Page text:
“For three years the fruit shall be Orlah, and may not be eaten. In the fourth year, all of the fruit shall be holy, for praising God.” (Lev. 19:23-24)
The Talmud in Berachot 35a quotes this verse as the source for reciting a blessing over food: “'Holy, for praising God’ — this teaches that [fruit and other foods] require a blessing before and after eating.”
The key word, Rav Kook noted, is kodesh — holiness. Even when we eat, even as we partake of worldly pleasures, we should be able to uncover holiness.
Holiness from physical pleasure?! How is that possible?
What is a brachah? When we recite a blessing, we express our recognition that God is the ultimate Source of all pleasure. But there is a joy that is far greater than the sensory pleasures experienced when consuming food.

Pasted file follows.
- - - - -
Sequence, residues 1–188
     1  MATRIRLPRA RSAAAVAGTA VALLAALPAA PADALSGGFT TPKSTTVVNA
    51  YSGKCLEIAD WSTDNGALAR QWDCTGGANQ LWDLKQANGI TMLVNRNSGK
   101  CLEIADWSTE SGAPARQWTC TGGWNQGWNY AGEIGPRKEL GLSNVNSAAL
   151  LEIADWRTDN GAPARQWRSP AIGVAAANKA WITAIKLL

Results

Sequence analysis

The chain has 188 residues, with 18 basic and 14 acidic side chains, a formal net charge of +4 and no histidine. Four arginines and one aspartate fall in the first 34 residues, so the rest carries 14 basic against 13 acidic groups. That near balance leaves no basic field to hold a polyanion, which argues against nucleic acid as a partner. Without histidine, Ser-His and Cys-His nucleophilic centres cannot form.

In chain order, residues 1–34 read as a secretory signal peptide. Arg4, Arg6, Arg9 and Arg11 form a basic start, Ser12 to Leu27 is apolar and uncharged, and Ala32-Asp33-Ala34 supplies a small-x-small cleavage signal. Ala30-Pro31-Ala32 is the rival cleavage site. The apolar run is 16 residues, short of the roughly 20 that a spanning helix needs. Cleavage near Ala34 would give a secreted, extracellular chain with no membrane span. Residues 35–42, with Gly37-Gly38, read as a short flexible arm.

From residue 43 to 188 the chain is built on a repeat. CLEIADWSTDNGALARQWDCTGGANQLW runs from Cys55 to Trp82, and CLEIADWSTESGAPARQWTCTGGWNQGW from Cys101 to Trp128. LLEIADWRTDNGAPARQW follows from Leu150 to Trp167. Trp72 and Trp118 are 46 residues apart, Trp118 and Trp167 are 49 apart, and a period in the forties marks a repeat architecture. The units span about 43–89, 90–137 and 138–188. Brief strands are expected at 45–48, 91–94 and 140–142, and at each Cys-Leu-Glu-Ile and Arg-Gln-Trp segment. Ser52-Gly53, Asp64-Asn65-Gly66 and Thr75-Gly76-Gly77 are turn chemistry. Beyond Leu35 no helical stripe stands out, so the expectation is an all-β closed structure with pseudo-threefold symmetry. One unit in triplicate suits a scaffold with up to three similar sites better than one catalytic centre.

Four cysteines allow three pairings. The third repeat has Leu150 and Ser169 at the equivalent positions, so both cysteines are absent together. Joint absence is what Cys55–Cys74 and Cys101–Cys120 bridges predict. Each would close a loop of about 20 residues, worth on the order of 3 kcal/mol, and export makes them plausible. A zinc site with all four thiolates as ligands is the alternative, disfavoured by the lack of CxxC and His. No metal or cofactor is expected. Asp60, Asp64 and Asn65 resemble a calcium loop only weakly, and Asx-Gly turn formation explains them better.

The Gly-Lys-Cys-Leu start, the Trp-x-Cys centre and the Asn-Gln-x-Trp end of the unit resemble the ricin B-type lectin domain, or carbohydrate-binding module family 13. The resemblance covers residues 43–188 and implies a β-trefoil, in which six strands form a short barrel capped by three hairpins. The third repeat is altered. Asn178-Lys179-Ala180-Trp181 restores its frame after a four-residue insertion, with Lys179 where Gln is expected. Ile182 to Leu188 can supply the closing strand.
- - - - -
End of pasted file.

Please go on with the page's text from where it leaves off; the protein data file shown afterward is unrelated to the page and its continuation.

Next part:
Eating is more than just nourishing our bodies. It is a chance to connect with our Creator and deepen our feelings of gratitude and appreciation. We should feel an inner joy when we realize that every form of physical pleasure provides us with an opportunity to uplift our spirits and bring holiness into our lives.
A blessing over food is not just about giving thanks for the physical pleasure we are about to enjoy. Each blessing should make us aware of a far greater gift: that even material pleasures can be a source of holiness!
In this way, the piece of fruit that we eat becomes קֹדֶשׁ הִלּוּלִים — “holy, for praising God.”
(Adapted from Ein Eyah vol. II, p. 171)